VMUG Insights from the Netherlands: How to Thrive in Our Ever-Changing Industry

Netherlands VMUG UserCon opened my eyes to how important it is for us in the VMUG community to take notice of how rapidly our industry is changing. Across many of the presentations I attended at UserCon, the necessity to evolve was a universal theme. Here are some of my insights from those sessions.

The Keynote: VMware’s Transition to an aaS Model
Kit Colbert, CTO, VMware Cloud Platform Business Unit, delivered the keynote presentation about VMware’s transition to an “as a Service” (aaS) model. This is a big change that is affecting VMware and its customers, and I appreciate their efforts to be more transparent about this restructuring.  

With the move to an aaS model, we as vAdmins must be open to changes. During the keynote, Kit made a powerful statement, “No one wins by managing their VMware environment well. You win by differentiating yourself from your competitors.” I tweeted this out and it started a conversation throughout the worldwide VMUG community about how the new aaS model will change vAdmins’ career paths.

One approach vAdmins can take is to become more focused on a Site Reliability Engineer (SRE) role, a term coined by Google. Kit shared the Site Reliability Engineer (SRE) charter that states, “Provide the horizontal platforms/tools, operational processes, and operational response needed to maintain the desired customer experience with minimal toil.”  

It will take both horizontal platforms and operational processes to prepare the IT departments of the future to deliver the desired customer experience. This conversation brings to mind an instructive moment from many years ago when I was responsible for my company’s internet during the era of T1 line expansion. If you can imagine, back then our data center had baker racks of about 40 14.4 and 28.8 bps modems. If we didn’t prepare for the imminent changes of T1 internet, we would still be stuck with dial-up.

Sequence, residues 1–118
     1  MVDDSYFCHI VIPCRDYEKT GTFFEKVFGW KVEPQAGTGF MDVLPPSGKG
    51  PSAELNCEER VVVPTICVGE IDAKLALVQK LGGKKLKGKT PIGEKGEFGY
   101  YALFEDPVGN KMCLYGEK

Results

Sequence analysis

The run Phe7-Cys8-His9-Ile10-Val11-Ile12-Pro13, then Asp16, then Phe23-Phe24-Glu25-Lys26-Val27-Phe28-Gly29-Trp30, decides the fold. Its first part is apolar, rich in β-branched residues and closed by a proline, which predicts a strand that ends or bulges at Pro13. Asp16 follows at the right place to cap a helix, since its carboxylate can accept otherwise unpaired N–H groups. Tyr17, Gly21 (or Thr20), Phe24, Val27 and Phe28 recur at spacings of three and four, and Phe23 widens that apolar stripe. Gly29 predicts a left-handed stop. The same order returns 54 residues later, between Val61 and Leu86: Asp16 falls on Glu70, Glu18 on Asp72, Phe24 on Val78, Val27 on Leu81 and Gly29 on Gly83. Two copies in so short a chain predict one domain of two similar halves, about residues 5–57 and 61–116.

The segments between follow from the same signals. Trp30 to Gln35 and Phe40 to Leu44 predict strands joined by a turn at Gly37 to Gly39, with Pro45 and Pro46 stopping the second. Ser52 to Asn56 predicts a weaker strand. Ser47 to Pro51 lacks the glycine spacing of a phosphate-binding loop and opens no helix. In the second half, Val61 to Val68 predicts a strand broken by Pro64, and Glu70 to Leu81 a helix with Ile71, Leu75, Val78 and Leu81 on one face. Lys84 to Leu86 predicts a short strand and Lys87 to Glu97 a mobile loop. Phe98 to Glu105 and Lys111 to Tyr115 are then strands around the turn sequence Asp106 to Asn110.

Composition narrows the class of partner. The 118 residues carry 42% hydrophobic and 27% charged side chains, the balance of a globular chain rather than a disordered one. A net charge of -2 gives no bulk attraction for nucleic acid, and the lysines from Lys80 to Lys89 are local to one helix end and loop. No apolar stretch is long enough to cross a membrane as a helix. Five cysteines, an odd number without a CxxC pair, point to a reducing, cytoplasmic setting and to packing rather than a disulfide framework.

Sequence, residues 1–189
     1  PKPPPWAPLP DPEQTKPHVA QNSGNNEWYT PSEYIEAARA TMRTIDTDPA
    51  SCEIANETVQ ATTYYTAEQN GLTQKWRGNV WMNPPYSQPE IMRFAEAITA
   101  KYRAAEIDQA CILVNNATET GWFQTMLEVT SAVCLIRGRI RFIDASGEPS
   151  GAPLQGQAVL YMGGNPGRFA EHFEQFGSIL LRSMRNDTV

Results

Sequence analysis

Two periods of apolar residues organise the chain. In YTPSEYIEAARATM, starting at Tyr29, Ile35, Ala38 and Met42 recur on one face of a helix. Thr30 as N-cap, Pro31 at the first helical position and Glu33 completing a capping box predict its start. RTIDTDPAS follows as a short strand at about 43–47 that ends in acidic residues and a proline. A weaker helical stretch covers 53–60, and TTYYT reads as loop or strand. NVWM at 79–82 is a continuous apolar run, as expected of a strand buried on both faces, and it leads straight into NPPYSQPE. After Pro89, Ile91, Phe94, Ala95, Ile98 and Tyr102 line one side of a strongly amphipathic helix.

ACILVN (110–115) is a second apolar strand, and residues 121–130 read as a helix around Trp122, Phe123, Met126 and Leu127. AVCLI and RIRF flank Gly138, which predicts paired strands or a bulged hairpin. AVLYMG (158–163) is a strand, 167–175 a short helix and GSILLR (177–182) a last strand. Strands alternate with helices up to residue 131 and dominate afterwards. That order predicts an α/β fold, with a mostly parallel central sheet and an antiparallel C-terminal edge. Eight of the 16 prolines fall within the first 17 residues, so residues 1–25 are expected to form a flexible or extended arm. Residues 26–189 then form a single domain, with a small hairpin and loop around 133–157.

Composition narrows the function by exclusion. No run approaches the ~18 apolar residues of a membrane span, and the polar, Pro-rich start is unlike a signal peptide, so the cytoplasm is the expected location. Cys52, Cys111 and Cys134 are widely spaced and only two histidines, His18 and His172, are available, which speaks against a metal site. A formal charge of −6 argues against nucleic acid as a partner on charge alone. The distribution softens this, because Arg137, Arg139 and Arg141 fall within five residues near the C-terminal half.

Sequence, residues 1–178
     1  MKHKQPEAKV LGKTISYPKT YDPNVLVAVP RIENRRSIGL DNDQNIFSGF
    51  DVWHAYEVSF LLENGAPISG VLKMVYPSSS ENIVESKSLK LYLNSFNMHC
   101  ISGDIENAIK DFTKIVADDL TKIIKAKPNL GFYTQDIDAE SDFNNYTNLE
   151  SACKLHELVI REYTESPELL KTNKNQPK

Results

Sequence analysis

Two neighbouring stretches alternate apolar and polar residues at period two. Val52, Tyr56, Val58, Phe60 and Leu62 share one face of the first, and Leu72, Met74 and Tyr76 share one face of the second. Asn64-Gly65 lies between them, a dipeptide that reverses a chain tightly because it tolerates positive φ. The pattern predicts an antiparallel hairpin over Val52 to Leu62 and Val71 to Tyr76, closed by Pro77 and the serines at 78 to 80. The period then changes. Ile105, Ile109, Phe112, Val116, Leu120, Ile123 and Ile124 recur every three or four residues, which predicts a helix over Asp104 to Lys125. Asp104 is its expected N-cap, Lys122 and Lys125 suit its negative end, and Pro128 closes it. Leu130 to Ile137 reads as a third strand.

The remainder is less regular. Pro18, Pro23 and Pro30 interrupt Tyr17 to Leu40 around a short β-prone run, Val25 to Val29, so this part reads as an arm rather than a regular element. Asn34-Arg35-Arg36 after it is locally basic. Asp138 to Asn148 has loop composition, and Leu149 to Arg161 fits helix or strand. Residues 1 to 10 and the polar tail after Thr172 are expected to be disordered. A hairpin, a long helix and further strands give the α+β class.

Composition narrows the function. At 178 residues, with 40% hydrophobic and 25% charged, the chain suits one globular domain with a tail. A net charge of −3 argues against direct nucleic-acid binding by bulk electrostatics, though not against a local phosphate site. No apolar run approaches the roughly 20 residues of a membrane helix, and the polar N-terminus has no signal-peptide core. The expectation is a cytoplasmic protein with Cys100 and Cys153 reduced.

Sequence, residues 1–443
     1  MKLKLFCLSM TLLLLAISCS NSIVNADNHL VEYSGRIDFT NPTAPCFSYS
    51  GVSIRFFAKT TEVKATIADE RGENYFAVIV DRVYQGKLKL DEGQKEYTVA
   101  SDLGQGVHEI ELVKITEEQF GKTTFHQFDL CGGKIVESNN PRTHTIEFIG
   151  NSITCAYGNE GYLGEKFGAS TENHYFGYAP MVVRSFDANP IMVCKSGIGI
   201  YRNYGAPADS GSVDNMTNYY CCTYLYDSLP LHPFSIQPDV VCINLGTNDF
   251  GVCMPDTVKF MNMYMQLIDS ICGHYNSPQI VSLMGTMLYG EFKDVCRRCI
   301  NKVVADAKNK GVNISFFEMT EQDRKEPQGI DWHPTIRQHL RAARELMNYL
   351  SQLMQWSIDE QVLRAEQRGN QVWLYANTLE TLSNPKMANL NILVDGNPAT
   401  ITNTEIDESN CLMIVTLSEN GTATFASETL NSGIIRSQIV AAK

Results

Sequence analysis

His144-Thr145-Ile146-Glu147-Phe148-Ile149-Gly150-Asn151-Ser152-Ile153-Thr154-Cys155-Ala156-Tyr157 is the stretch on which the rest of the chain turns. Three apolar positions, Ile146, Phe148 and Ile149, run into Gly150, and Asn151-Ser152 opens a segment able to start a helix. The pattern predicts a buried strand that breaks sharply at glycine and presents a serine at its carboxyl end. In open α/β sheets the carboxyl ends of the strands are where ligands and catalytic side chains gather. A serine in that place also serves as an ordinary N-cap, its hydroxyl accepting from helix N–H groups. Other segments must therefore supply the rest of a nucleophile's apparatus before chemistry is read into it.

We are at a similar stage as a community now as I was back then. At the time, the modems worked for us, but we still changed our operational processes to take advantage of the new technology, and this is exactly what vAdmins in the VMUG community need to be willing to do today.  

Hands-on Labs: The Balance Between Experience and Uncertainty
In addition to the keynote, I attended a session by Doug Baer and Dave Rollins on Hands-on Labs. My biggest takeaway was that we all have a certain level of expertise and uncertainty. These, in balance, are good things. As you evolve in your career, the balance will shift between the two. What’s important to remember is that regardless of where the balance is, be confident in your journey.

These presentations were very popular among VMUG members. If you are interested in these topics, here are a few places to get started:
Hands-on Lab Portal:  http://labs.hol.vmware.com
Hands-on Lab Blog:  http://blogs.vmware.com/hol
Documents Site:  http://docs.hol.vmware.com

The final and most important takeaway is maintaining the desired customer experience. If we do not do this, the proven and cost-effective cloud model will lead companies to look towards an external provider instead of IT departments. I think we all agree that we prefer for it to come through IT. For this to happen, we must adapt.  

By attending events such as VMUG UserCons, reading industry blogs, and talking to peers, you can continue your journey of learning in the ever-changing IT landscape.

See you at a VMUG,


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